I turned to dating apps for the first time to find suitable partners to fulfill my needs. For six months, I invited a string of strangers to my house. I avoided dinner and drinks, instead proposing a different type of encounter. I told them my rules, preferences, and stipulations. I was honest with them about my situation and not being ready for a new relationship. It was up to them to decide if they were comfortable with the limitations.

I felt I had nothing to lose. I was already living my worst nightmare, so why not be bold in my attempt to find pleasure and seek joy?

The sex I had in those first months was nothing like the intimacy I shared with my husband, but I harnessed the confidence I gained in my marriage to fuel my encounters.

Unlike reckless hookups during college, I was entering casual sex sober and with a better understanding of what I needed to be satisfied. More mature and armed with an unwavering love for my body, sex gave me escape.

Having sex made me feel alive and freed me from the painful, cyclical thought of how my life would be if he hadn’t died. It empowered me and gave me a sense of control.

My mind felt relief with each flood of oxytocin I experienced. Being touched reenergized me to face the difficulty of my everyday life.

I knew people would have a hard time understanding my approach. Our culture doesn’t provide many examples of women using sex as a tool for self-love, healing, or power. Fulfilling sex outside of a relationship is difficult for most people to fathom.

I had no one to turn to for
advice on how to rectify the untethering of my sexuality from the anchor that
was my marriage, but I became determined to forge my own path.

I missed caring for my husband — giving massages, encouraging him to pursue his dreams, listening to and laughing at his stories. I missed using my time, energy, and talents to turn him on, make him feel valued, and enrich his life. I felt generous by giving new men the kind of treatment I showered my husband with, even if it was only for an hour.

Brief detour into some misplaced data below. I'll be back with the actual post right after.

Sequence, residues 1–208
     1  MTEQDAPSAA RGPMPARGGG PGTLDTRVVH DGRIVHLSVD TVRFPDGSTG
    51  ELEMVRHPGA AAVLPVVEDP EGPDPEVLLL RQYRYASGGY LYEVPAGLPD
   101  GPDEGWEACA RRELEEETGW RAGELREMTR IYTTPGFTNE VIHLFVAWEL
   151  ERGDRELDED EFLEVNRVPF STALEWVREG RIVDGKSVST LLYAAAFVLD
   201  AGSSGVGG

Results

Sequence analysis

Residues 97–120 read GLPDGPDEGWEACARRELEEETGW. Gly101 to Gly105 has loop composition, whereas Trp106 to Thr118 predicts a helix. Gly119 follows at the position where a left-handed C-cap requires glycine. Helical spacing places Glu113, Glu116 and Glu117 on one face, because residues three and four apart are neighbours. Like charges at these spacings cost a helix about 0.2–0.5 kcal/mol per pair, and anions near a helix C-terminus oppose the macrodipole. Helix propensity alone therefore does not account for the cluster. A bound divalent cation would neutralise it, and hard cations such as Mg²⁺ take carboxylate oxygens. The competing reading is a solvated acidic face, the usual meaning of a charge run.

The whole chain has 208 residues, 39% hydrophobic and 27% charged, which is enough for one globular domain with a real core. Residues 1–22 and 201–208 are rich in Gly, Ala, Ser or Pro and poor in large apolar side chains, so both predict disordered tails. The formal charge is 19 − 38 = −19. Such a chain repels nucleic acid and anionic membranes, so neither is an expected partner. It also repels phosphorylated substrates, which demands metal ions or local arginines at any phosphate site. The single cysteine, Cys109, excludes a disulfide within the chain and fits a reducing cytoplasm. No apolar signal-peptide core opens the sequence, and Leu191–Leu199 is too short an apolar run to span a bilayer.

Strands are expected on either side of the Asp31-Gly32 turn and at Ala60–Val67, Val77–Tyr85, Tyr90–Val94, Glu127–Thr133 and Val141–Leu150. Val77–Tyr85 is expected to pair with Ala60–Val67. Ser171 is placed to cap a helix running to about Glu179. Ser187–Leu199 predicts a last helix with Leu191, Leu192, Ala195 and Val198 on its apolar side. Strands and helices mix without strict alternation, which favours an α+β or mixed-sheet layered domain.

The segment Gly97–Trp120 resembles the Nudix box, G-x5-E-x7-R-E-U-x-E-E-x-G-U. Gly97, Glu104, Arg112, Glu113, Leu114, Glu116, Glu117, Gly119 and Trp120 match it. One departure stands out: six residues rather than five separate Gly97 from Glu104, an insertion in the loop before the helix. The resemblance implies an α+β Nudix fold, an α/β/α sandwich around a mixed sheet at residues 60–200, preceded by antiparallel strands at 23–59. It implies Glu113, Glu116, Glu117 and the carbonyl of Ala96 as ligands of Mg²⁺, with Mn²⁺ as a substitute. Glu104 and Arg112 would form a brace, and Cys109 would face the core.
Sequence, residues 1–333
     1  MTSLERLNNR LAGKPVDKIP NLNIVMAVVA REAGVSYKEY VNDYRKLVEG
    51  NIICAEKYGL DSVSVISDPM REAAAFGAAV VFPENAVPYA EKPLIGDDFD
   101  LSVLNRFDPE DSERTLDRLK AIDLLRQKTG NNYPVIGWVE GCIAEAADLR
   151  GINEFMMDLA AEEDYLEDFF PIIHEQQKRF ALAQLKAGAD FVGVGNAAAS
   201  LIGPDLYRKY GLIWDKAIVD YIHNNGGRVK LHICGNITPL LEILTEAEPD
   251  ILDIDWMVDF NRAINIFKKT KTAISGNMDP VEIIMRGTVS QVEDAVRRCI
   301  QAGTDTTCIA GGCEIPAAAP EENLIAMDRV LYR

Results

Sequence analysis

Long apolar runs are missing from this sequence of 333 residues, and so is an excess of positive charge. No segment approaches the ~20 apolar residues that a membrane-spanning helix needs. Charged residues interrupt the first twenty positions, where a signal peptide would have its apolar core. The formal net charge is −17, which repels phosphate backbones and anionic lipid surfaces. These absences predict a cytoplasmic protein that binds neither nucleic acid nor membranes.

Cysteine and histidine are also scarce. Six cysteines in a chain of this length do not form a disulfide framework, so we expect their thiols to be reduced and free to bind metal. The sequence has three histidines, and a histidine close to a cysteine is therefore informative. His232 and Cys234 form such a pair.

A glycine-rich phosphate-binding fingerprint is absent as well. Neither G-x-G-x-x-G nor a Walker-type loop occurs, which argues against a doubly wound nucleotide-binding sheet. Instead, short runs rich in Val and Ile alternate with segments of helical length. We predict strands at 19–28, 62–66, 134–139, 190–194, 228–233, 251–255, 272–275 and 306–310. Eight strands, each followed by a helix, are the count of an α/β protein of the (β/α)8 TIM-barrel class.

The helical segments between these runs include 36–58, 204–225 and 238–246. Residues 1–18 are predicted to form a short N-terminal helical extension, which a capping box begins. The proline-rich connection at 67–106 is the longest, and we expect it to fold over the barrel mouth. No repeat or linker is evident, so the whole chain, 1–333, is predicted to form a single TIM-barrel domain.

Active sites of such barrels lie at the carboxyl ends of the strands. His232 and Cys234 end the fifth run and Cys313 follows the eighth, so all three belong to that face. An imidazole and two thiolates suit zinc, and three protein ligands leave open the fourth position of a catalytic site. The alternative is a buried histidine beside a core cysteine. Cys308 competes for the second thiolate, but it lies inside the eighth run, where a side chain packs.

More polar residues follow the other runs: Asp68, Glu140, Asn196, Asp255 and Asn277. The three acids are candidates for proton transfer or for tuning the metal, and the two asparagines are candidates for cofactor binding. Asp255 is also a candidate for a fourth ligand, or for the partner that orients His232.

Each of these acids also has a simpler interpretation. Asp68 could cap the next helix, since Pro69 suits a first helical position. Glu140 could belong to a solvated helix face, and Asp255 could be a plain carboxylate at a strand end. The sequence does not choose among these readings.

It was also easier to acclimate to life alone when I had an occasional visitor to remind me of my beauty or validate my sexuality.

I found a new normal.

After a few months of casual sex with limited communication, I changed course, gravitating to partners within polyamorous or nonmonogamous relationships.

With men who also have girlfriends or wives, I found magnificent sex without codependency. Their company fulfills my physical needs while I continue to make sense of my life and future without my husband. The setup is ideal, considering my circumstances, because I can build trust and an open dialogue around sex and desires with these partners, which is difficult with one-night stands.

Now, a year and a half since my husband’s death, I’m also dating, not just inviting people up to my apartment. But the disappointments far outnumber the glimmers of hope.

I remain hopeful that I’ll find someone to share my life with fully. I’m open to finding love in any corner, from any person. When the time comes to replace this unconventional life with one more similar to what I shared with my husband, I’ll do so without hesitation.

In the meantime, seeking and prioritizing pleasure in widowhood, as I did in my marriage, will continue to help me survive.

Want to read more stories from people navigating a new normal as they encounter unexpected, life-changing, and sometimes taboo moments of grief? Check out the full series here.

Anjali Pinto is a writer and photographer in Chicago. Her photography and essays have been published in The New York Times, Chicago Magazine, The Washington Post, Harper’s Bazaar, Bitch Magazine, and Rolling Stone. During the first year following the sudden passing of Pinto’s husband, Jacob Johnson, she shared a photo and long-form caption to Instagram every day as a way of healing. In being vulnerable, her pain and joy enriched many people’s perceptions of grief.